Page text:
Mt. Shasta — you can SEE it!

  • Tom Dell
  • August 7, 2016
  • This week Road Trips with Tom visits northern California’s iconic mountain – Mt. Shasta.  It’s a relatively short article on a tall mountain.

    I’d originally intended to focus this week’s post on Crater Lake National Park in southern Oregon, but a wildfire near Crater Lake has caused road closures and smoky air.  It’s still burning as I write this.  The park’s busiest road is closed, and the main lodge complex has been evacuated.  We’ll come back to Crater Lake after the smoke has cleared (so to speak).  The plan was to feature Mt. Shasta in a few weeks.  We’re just accelerating the schedule a bit.

    By the way, if you’re about to head for Crater Lake, check on conditions before leaving – go to

    Shasta, at 14,179 feet, is one of the two most spectacular mountains in the continental United States.  The other is Washington’s Mt. Rainier, which is 230 feet higher.  Both are potentially active volcanoes, part of the Cascade Range, which extends from Mt. Lassen in California to the Canadian border.

    What makes both Shasta and Rainier especially dramatic is that they rise 11,000 feet above their surroundings.  Both are visible (theoretically, at least) for 100 miles or more.  Of course, Mt. Rainier is the focus of a beautiful national park, while Mt. Shasta is, well, a mountain.

    Reno 7-16 7100 169
    Mt. Shasta from Klamath Falls, Oregon — 75 miles away

    But, as a Californian, I’m a bit prejudiced, and I absolutely love Mt. Shasta.  Here’s why:  You can see it!

    Rainier is visible less than half the time.  I drove through Mt. Rainier National Park in June and never saw the mountain.  You’ve no doubt seen postcard shots of Seattle’s skyline taken from Queen Anne Hill with Mt. Rainier looming in the background.  Well, good luck with seeing that view when you’re there!  My first view of Rainier was from an Alaska Airlines jet, where the peak was visible poking above the clouds.  Mt. Hood in Oregon?  Same thing.

    On the other hand, Mt. Shasta is just about always out.  It’s very rarely hidden behind clouds.  If you’re driving on Interstate 5, the main north-south highway in the Pacific Coast States, you can’t miss it – the interstate runs right by the base of the mountain.  I’ve made that I-5 drive-by probably 20 times and never missed seeing Shasta.

    What to do at Mt. Shasta

    Where are the best viewpoints?  First, there’s a signed vista point on northbound I-5 north of Dunsmuir.  But I recommend views where the north slope is visible.  That’s where you’ll see the greatest snow cover. Northside views also show the secondary peak of Shastina, which is connected with Shasta.  For a good northside view — in fact, the one pictured below — take US 97 from Weed headed toward Klamath Falls.  You’ll see some great views after a few miles.  Another excellent viewing spot is the Weed Airport, just off I-5 a few miles north of town.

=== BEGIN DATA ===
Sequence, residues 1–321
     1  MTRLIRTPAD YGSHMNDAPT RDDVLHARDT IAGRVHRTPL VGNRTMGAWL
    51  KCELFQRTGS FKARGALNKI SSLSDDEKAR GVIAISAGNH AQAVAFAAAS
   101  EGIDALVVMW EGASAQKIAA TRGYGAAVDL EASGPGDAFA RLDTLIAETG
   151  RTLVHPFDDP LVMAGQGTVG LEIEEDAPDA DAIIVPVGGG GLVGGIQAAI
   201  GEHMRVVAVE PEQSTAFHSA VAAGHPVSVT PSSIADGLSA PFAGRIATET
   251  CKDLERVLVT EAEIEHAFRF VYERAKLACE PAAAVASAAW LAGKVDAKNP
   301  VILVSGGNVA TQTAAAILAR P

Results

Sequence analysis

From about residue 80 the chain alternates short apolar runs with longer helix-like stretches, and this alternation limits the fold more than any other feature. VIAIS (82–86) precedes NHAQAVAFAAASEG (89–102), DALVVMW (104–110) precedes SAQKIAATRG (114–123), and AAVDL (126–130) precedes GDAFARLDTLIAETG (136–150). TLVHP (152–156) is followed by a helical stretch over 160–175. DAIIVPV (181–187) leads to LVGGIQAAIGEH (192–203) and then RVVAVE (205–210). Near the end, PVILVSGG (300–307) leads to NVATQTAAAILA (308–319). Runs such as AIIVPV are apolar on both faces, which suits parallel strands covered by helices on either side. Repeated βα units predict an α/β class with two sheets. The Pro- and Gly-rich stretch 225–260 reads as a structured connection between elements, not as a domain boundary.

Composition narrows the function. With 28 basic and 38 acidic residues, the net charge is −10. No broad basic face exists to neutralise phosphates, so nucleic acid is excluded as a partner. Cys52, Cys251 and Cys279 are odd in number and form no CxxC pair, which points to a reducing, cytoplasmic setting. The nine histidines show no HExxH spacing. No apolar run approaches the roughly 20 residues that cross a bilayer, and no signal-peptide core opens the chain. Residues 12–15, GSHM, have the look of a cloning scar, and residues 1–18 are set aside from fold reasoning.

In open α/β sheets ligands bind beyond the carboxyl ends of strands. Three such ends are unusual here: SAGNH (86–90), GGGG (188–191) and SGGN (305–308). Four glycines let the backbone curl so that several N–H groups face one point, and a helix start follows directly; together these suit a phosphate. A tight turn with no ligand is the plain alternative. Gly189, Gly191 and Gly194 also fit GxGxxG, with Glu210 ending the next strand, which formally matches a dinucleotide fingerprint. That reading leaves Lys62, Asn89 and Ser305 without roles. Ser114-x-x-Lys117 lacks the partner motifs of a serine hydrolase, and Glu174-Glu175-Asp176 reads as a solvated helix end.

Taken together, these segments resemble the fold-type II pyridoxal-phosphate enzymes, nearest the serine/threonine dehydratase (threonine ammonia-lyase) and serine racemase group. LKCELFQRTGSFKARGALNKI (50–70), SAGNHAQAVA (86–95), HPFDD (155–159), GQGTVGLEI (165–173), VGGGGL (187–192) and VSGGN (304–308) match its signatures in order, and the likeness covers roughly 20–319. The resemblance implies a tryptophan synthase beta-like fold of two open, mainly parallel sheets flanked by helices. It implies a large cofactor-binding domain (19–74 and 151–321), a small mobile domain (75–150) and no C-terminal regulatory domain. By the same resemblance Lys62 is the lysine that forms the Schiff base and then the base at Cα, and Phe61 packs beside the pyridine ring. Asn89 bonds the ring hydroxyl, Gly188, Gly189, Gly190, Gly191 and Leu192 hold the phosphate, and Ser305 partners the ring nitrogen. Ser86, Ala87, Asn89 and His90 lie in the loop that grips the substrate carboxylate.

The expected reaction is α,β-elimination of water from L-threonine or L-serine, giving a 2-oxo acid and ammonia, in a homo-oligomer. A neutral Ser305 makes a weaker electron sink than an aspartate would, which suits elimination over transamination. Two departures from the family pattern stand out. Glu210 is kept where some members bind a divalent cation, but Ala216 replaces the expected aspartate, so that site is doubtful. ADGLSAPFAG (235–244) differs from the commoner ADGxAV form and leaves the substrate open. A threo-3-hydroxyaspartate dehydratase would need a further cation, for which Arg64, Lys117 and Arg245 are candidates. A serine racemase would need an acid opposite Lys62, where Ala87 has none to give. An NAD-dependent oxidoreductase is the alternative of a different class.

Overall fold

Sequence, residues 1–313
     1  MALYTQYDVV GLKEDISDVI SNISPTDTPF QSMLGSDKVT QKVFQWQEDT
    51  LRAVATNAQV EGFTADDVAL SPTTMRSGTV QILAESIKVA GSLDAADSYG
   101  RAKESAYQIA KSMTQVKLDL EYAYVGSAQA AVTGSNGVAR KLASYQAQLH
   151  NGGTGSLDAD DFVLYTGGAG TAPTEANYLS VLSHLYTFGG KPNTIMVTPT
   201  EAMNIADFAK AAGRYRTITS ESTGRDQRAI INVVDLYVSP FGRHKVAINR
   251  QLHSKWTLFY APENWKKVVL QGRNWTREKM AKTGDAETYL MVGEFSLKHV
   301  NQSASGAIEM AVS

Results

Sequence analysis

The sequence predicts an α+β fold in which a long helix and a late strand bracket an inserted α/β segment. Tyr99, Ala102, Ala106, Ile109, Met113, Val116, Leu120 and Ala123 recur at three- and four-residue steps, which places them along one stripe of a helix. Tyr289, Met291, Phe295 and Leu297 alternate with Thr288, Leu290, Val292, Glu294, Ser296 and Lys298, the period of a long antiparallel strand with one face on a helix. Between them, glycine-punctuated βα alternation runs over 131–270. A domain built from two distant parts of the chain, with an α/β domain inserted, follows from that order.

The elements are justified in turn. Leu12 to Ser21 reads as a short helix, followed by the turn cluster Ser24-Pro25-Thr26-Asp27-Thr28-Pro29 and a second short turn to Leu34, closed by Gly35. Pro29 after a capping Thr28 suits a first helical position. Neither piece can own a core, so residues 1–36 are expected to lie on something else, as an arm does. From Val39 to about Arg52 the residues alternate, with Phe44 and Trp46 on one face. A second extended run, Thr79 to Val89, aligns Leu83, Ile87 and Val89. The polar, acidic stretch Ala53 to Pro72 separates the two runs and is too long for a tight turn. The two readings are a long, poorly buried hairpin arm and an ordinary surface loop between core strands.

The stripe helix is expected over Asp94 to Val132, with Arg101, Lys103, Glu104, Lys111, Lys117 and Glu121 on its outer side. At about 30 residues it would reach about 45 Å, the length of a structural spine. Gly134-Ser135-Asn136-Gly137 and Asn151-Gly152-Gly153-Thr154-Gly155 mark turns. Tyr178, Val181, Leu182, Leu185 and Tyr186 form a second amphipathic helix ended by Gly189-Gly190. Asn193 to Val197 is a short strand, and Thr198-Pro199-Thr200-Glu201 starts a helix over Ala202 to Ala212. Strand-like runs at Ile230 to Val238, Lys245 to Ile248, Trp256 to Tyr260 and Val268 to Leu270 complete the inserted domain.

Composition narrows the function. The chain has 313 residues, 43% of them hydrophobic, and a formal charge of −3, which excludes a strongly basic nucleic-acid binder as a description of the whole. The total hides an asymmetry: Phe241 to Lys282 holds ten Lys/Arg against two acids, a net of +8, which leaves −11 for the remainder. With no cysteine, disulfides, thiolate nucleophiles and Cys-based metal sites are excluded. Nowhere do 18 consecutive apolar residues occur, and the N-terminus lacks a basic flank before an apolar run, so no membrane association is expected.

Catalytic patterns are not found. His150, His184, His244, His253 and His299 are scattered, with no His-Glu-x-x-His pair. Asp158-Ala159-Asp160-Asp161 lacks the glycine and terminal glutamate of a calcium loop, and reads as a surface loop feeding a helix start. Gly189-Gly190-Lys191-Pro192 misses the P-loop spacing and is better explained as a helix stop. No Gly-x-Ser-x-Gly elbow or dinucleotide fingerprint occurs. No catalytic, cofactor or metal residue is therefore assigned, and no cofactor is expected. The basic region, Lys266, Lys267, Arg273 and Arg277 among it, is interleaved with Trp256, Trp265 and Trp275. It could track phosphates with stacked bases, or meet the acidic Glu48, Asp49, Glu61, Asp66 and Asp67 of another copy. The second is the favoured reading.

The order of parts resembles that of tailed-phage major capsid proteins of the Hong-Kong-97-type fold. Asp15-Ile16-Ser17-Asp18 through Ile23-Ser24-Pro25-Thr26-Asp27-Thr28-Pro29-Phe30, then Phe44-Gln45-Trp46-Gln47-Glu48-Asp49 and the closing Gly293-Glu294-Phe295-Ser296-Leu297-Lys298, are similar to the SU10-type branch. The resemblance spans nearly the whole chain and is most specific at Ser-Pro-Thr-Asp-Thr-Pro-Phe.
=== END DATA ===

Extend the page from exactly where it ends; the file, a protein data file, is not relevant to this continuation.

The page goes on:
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    In this view, taken a few miles north of Weed along US 97, Shasta’s sister cone of Shastina, is visible on the right

    There’s also a paved highway that runs 14 miles up the mountain and gives you fantastic views and access to some great hiking trails.  Take Exit 748 from I-5, drive east on Lake St., then continue as it becomes the Everitt Memorial Highway.  After 11 miles, you reach Bunny Flat at 7,000 feet, where there’s a trailhead, a large parking area, a restroom, and, in summer, plenty of people (although you can usually find a parking space there).  The road  continues another two miles to Panther Meadows, where you’ll find another popular trailhead.  Look for lots of colorful wildflowers in summer.  The featured photo at the top of this article was taken from that highway just before the road’s end.

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    Indian paintbrush along the Everitt Memorial Highway

    Want to climb Mt. Shasta?  Hundreds of people make the climb every year.  There’s no quota system, and you don’t need reservations.  Mt. Whitney, this ain’t.  However, you’ll need a wilderness permit, which is available at the ranger station in the town of Mt. Shasta or at the trailhead.  To view a climbing and hiking guide, go to

    Spiritual convergence

    In many people’s minds, Mt. Shasta is a powerful mountain in more ways than one.  It’s a zone of convergence where mystical forces thrive.  I won’t go into details on the spiritual stuff.  However, if you’d like to find out more, go to

    You’ll find plenty of lodging and eating choices in the towns of Mt. Shasta and Weed.  Campgrounds, both Forest Service and county, are nearby.  The chamber of commerce has a helpful website – go to

    Reno 7-16 7100 066
    Mt. Shasta from County Road A13 between US 97 and Yreka

    Thanks for visiting Road Trips with Tom.

    Next week we’ll have our annual fall foliage preview, which will show you where to find colorful foliage, when to go, and how to find out the latest conditions.


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